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Lysosomal enzyme cathepsin D protects against alpha-synuclein aggregation and toxicity.

Qiao L, Hamamichi S, Caldwell KA, Caldwell GA, Yacoubian TA, Wilson S, Xie ZL, Speake LD, Parks R, Crabtree D, Liang Q, Crimmins S, Schneider L, Uchiyama Y, Iwatsubo T, Zhou Y, Peng L, Lu Y, Standaert DG, Walls KC, Shacka JJ, Roth KA, Zhang J - Mol Brain (2008)

Bottom Line: In addition to impaired macroautophagy, CD deficiency reduced proteasome activity, suggesting an essential role for lysosomal CD function in regulating multiple proteolytic pathways that are important for α-syn metabolism.Conversely, CD overexpression reduces α-syn aggregation and is neuroprotective against α-syn overexpression-induced cell death in vitro.Our data identify a conserved CD function in α-syn degradation and identify CD as a novel target for LB disease therapeutics.

View Article: PubMed Central - HTML - PubMed

Affiliation: Department of Pathology, University of Alabama at Birmingham, USA. lqiao@uab.edu

ABSTRACT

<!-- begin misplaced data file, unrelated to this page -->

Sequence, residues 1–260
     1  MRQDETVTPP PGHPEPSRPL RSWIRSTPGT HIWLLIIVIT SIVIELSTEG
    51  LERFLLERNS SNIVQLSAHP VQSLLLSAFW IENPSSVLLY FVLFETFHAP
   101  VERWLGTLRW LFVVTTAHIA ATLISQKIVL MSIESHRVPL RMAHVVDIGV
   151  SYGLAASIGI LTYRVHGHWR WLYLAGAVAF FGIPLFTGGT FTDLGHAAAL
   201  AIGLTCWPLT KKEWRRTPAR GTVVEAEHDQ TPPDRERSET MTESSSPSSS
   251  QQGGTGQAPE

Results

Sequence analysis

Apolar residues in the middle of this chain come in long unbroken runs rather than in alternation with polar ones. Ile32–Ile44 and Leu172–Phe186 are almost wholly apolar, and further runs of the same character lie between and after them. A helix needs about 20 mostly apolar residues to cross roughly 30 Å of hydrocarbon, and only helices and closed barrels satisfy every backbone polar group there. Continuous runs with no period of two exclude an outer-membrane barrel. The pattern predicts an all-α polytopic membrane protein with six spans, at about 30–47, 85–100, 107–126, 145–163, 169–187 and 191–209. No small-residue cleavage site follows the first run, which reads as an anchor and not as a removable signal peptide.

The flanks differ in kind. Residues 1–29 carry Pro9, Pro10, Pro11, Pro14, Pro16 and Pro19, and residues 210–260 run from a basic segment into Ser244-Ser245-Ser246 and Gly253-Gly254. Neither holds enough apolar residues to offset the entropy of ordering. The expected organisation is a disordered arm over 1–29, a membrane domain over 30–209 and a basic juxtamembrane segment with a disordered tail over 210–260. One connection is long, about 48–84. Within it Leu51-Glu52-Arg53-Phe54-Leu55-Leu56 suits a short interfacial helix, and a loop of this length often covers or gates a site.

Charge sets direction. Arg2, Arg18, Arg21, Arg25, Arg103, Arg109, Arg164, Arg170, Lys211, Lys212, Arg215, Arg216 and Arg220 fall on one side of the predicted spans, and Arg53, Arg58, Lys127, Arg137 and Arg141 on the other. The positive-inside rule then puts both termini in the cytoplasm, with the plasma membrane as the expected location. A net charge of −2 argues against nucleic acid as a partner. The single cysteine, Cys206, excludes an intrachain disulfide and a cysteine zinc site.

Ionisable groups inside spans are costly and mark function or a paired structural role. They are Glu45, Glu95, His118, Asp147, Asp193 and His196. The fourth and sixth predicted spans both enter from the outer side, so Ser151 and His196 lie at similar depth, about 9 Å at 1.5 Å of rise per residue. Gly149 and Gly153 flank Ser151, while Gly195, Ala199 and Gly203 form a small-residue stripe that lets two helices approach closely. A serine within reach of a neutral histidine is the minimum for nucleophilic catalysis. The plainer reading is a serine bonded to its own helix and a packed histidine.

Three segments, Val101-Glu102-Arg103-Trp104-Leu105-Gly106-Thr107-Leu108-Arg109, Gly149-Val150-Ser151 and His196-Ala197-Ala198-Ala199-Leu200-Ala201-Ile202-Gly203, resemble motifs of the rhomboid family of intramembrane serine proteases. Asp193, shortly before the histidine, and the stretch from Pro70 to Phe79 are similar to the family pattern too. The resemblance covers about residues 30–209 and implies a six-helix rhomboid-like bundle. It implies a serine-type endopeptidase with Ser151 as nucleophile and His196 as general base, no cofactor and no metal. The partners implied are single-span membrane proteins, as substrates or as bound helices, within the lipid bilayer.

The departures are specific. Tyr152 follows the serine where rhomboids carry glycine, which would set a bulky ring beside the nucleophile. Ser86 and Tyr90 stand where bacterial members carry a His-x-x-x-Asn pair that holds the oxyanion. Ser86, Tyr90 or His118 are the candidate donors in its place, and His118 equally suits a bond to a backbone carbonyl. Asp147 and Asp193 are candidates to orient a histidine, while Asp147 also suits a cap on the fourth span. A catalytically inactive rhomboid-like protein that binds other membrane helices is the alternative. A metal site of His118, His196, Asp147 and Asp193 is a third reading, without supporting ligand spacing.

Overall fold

α-synuclein (α-syn) is a main component of Lewy bodies (LB) that occur in many neurodegenerative diseases, including Parkinson's disease (PD), dementia with LB (DLB) and multi-system atrophy. α-syn mutations or amplifications are responsible for a subset of autosomal dominant familial PD cases, and overexpression causes neurodegeneration and motor disturbances in animals. To investigate mechanisms for α-syn accumulation and toxicity, we studied a mouse model of lysosomal enzyme cathepsin D (CD) deficiency, and found extensive accumulation of endogenous α-syn in neurons without overabundance of α-syn mRNA. In addition to impaired macroautophagy, CD deficiency reduced proteasome activity, suggesting an essential role for lysosomal CD function in regulating multiple proteolytic pathways that are important for α-syn metabolism. Conversely, CD overexpression reduces α-syn aggregation and is neuroprotective against α-syn overexpression-induced cell death in vitro. In a C. elegans model, CD deficiency exacerbates α-syn accumulation while its overexpression is protective against α-syn-induced dopaminergic neurodegeneration. Mutated CD with diminished enzymatic activity or overexpression of cathepsins B (CB) or L (CL) is not protective in the worm model, indicating a unique requirement for enzymatically active CD. Our data identify a conserved CD function in α-syn degradation and identify CD as a novel target for LB disease therapeutics.